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Tombs of the ancient pharaohs also hold the remains of their butlers

Ian Harvey

Being a butler could be considered honest work, but it may be hellish depending on who the boss is. For the butlers of the ancient Egyptians their journey to the afterlife saw them treated like kings.

When one thinks of ancient Egypt, they generally think about the riches and the pharaohs who were buried with piles of gold and treasures for the afterlife. Well, apparently the butlers were buried with the same amount of respect and wealth as their bosses.


Statue of Hatshepsut on display at the Metropolitan Museum of Art.Source
Statue of Hatshepsut on display at the Metropolitan Museum of Art.Source

Archaeologists were recently excavating Queen Hatshepsut and King Ramses II’s tombs in order to preserve the beautiful artwork that was painted on the walls. They ended up finding four extra tombs and discovered that they had belonged to the royals’ butlers.

The four tombs have now been opened for the public to view. They contained extremely decorated walls depicting the ancient Egyptian gods, including Osiris and Anubis, who had been particularly associated with the mummification process and the preparation for the afterlife.

Dr. Khaled El-Enany, Egypt’s Minister of Antiquities, had opened up the tombs which date back to the 18th and 19th dynasties. To put it into better terms, they are about 3,500 years old and have been beautifully restored.

The tomb numbered TT 110 belongs to the “Chief Royal Butler of Queen Hatshpsut, Djehuty.” It is located in the Sheikh Abdel Qurna Area on Luxor’s west bank.

The Queen had herself crowned around the year of 1,473 BC. She had changed her name from the female version, Hatshepsut, to the male version, Hatshepsu. She had been born during the time when Egypt had the most advanced civilization in the ancient world. She had taken over the throne from her young stepson Thutmosis III and declared herself pharaoh.

In order for her to be taken seriously, she had worn the traditional clothes of the pharaoh. In fact, she had even worn the normal head dress and a fake beard that was worn by the male pharaohs.


The tomb of her personal butler was shaped like a T and is generally the size of the 18th Dynasty tombs. The tomb has a pillared hall and a burial shaft as well. Although it was found back in 2012, it is now able for visitors to see. The restoration had taken that long due to all of the work required to make it available to the public – the tomb itself was in very poor condition.

The other three tombs found had belonged to Imn Nakht, Nebenmaat, and Kha’Emteri, who had the same title on their tombs: “Servant in the Place of Truth.” This was written during the reign of King Ramses II. The king reigned between the years of 1,279 and 1,213 BC. He is still known as one of the greatest and most powerful pharaohs of the Empire. The king had led a successful military campaign into Canaan and Nubia, resulting in many cities, temples, and monuments being built.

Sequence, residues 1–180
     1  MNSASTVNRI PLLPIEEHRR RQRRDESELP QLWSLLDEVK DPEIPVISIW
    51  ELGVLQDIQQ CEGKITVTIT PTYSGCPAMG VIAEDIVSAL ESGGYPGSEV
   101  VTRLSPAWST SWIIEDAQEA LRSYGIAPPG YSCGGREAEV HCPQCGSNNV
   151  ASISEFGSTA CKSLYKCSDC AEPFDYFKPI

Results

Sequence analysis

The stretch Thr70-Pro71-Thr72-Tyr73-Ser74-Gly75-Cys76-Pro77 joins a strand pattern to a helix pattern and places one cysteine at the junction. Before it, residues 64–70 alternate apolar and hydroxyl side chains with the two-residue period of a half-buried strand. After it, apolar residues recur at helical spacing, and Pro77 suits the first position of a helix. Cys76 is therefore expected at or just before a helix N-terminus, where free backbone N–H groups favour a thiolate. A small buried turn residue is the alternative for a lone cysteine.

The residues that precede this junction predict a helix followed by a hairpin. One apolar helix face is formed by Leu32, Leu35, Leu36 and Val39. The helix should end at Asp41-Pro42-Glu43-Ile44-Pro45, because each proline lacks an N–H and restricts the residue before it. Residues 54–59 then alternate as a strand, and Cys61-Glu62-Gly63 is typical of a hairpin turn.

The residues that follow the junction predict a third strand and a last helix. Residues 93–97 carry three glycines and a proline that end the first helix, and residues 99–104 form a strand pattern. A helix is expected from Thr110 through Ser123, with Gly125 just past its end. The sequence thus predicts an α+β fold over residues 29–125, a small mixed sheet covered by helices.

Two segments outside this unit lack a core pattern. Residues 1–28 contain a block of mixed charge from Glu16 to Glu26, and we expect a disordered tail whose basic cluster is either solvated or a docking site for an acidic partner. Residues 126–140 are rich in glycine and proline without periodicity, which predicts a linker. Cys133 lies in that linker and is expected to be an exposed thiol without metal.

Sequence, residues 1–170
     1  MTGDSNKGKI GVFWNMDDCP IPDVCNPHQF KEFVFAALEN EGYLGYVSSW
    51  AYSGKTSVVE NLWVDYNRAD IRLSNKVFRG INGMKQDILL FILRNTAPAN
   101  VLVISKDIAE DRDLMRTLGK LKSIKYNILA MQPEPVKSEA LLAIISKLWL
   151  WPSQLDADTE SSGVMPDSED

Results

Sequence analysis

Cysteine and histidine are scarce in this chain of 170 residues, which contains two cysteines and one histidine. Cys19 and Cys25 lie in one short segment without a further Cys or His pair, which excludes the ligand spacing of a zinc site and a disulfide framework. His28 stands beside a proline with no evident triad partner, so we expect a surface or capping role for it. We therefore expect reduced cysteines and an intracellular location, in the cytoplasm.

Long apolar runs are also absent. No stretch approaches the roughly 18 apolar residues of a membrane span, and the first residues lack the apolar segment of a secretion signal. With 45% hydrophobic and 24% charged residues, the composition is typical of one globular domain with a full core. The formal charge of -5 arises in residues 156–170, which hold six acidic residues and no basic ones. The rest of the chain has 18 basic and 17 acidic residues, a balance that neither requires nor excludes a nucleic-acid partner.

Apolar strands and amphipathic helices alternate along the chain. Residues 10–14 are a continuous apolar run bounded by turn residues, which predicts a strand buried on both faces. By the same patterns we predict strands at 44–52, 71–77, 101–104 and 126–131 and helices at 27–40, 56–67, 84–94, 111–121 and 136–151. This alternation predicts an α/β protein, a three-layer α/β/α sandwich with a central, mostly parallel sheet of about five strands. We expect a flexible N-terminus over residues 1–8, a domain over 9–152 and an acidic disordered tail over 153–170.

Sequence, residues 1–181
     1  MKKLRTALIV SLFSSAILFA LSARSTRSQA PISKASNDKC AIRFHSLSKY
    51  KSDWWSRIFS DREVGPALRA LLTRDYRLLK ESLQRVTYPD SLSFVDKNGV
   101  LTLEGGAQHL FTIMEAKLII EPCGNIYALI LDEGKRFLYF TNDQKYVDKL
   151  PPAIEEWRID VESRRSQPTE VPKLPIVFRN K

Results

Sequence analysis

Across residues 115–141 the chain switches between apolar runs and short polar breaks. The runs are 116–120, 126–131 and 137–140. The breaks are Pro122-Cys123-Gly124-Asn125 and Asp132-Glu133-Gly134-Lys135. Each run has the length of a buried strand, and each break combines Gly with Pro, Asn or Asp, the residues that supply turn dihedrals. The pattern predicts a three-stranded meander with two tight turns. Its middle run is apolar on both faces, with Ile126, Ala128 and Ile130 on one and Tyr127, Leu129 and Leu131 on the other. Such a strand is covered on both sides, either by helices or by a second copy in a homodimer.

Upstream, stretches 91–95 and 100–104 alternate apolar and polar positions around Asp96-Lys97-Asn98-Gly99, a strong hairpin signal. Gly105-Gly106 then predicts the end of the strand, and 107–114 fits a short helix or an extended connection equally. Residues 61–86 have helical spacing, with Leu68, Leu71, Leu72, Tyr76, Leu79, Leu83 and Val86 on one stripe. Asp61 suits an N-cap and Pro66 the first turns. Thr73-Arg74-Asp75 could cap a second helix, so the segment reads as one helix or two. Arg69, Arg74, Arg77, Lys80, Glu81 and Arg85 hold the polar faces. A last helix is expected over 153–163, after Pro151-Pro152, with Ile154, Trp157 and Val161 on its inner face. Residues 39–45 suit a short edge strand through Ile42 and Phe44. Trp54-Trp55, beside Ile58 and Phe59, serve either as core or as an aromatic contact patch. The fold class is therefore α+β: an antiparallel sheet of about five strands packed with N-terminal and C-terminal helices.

All of the butlers in the tomb had belonged to the same family. Imn Nakht was the father of Nebenmaat. Kha’Emteri was the youngest son.

ne of the two sarcophagi found in KV20, originally intended for Hatshepsut, but re-inscribed for her father Thutmose I Source
ne of the two sarcophagi found in KV20, originally intended for Hatshepsut, but re-inscribed for her father Thutmose I Source


The tombs share the same entrance, corridor, and ante-chamber which then branch out into the three burial chambers. There is also a mud brick chapel in each tomb. Interestingly, Imn Nakht’s tomb is multicolored, but many of the other tombs found, and those of his sons, only have one color.

Just last month the archaeologists had discovered several carved blocks which most likely were part of an unknown building of Queen Hatshepsut. The depictions had shown how her image had changed once she took over as pharaoh.

There were many monuments that had depicted her like a queen, but most were destroyed, making finding a depiction of her as a woman extremely rare.

The tombs had been discovered by the German Archaeological Institute on the Island of Elephantine, Aswan. One block of the woman’s face and form had been changed to a male image. There was even a lozenge that had borne her name at one point, but it is now scratched away. A member of the Ancient Egyptian Antiquities, Dr. Mahmoud Afify, said that the building with the female form must have been erected during an earlier time, years before her reign.

Hatshepsut is believed to have reigned with no opposition for more than two decades before she died in 1458 BC. All mention of her name were erased by Thutmosis after he had taken power. The representations of her female figure had all been replaced by images of her husband.

There have only been a few buildings that depict her early stages of her career as pharaoh. There have only been a few of the examples found at Karnak, making these new blocks even rarer. The team of archaeologists said that this new discovery gives them some new information about Hatshepsut’s reign.

Tomb wall depicting Nefertari.Source
Tomb wall depicting Nefertari.Source


The field director on the project, Felix Arnold, had said that the building with the blocks most likely was used as a waystation for the festival barque for the god Khnum, the potter god of creation. The building had later been dismantled, and 30 blocks have now been found in the Khnum temple of Nectanebo II, the pharaoh who ruled between 360 and 342 BC.

Some of those blocks had been found in other excavations by members of the Swiss Institute. However, the meaning behind the blocks is now clearer to the experts.


Ian Harvey

Ian Harvey is one of the authors writing for The Vintage News